Applications of Wave Optics

Enhancement of Microscopy

Microscopy helps us view objects that cannot be seen with the naked eye.

Learning Objectives

Compare optical and electron microscopy

Key Takeaways

Key Points

  • In optical microscopy, light reflected from an object passes through the microscope’s lenses; this magnifies the light. The resultant, magnified image is then seen by the eye. This technique has many limitations but can be enhanced in various ways to create more contrast.
  • The transmission electron microscope (TEM) sends an electron beam through a thin slice of a specimen. The electron is then transmitted onto photographic paper or a screen. Since electron beams have a much smaller wavelength than traditional light, the resolution of this image is much higher.
  • The scanning electron microscope (SEM) shows details on the surface of a specimen and produces a three-dimensional view by scanning the specimen.

Key Terms

  • microscopy: using microscopes to view objects that cannot be seen with the naked eye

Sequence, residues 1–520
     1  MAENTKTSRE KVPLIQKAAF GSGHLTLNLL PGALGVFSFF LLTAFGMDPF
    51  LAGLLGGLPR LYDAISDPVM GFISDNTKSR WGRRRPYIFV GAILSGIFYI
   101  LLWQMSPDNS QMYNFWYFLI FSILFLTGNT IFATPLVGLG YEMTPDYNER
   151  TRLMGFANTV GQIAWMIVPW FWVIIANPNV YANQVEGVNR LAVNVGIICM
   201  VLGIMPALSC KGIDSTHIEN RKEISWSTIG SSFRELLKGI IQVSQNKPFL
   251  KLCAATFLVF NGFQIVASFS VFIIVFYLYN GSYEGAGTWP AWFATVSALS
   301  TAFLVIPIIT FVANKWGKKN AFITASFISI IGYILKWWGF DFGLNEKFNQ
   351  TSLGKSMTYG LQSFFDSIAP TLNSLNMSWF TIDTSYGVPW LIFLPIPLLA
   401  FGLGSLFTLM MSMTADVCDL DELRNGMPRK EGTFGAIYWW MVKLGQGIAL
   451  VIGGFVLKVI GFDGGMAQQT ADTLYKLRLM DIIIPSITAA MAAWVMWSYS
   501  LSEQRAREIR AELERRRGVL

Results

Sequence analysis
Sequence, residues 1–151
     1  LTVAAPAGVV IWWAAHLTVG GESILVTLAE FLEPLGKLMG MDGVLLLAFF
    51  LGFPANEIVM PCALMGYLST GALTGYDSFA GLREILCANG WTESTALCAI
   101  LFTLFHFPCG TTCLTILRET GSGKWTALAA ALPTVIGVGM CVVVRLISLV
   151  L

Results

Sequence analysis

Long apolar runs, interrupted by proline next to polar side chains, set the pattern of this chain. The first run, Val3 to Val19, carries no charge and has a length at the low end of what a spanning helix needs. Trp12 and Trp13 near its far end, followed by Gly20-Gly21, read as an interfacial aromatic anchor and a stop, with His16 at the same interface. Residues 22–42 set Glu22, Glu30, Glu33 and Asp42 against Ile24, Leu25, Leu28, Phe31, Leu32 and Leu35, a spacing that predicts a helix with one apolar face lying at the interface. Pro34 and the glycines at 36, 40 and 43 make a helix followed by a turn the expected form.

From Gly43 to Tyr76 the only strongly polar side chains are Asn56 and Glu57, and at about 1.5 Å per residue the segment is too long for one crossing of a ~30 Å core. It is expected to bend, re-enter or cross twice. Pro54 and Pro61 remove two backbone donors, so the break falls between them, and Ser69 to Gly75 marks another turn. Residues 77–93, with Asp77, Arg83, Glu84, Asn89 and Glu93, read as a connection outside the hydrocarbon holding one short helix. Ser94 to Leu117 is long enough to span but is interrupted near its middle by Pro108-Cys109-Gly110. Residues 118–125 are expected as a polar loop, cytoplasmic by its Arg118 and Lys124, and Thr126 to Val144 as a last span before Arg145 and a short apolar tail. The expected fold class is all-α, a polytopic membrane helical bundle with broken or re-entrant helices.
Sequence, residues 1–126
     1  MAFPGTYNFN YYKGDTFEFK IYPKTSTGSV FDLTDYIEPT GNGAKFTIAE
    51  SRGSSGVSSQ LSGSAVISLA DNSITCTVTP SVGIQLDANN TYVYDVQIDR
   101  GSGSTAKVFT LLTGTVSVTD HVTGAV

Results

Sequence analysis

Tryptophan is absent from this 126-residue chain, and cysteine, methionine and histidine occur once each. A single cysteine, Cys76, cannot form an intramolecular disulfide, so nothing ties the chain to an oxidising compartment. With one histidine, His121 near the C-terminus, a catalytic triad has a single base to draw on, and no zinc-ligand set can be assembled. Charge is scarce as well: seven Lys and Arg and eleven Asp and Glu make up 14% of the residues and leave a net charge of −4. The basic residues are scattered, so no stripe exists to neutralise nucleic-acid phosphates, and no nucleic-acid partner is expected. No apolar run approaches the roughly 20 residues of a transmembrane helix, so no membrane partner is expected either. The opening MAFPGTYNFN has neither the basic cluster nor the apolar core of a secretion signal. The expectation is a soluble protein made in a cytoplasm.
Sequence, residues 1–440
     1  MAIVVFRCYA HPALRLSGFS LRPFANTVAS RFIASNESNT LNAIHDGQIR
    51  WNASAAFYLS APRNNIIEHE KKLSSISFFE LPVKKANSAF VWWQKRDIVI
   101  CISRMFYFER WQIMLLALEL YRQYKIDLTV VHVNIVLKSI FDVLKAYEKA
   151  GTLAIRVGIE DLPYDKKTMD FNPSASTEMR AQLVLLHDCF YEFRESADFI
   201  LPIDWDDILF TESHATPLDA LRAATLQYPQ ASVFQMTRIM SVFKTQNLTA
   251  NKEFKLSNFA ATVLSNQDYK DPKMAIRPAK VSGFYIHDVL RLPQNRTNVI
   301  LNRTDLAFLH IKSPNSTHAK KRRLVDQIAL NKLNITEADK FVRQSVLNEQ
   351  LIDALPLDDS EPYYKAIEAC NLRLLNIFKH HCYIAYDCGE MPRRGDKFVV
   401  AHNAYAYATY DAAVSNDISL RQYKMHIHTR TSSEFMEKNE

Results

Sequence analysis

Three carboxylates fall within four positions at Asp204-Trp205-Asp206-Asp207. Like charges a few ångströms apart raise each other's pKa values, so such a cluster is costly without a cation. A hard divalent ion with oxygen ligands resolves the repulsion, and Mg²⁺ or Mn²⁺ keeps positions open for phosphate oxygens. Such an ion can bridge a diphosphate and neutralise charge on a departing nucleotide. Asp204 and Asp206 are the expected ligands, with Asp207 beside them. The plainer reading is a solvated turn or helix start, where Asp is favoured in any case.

• contrast: A difference in lightness, brightness and/or hue between two colors that makes them more or less distinguishable

Microscopes are used to view objects that cannot be seen with the naked eye. In this section we will discuss both optical and electron microscopy.

Optical Microscopy

You have probably used an optical microscope in a high school science class. In optical microscopy, light reflected from an object passes through the microscope’s lenses; this magnifies the light. The resultant, magnified image is then seen by the eye. Although this type of microscopy has many limitations, there are several techniques that use properties of light and optics to enhance the magnified image:

  • Bright field: This technique increases the contrast by illuminating the surface on which the objects sit from below.
  • Oblique illumination: This technique illuminates the object from the side, giving it a three-dimensional appearance and highlighting features that would otherwise not be visible.
  • Dark field: This technique is good for improving the contrast of transparent objects. A carefully aligned light source minimizes the un-scattered light entering the object plane and so only collects the light that is scattered by the object itself.
  • Dispersion staining: This results in a colored image of a colorless object; it does not actually require that the object be stained.
  • Phase contrast: This uses the refractive index of an object to show differences in optical density as a difference in contrast. provides a demonstration of this technique.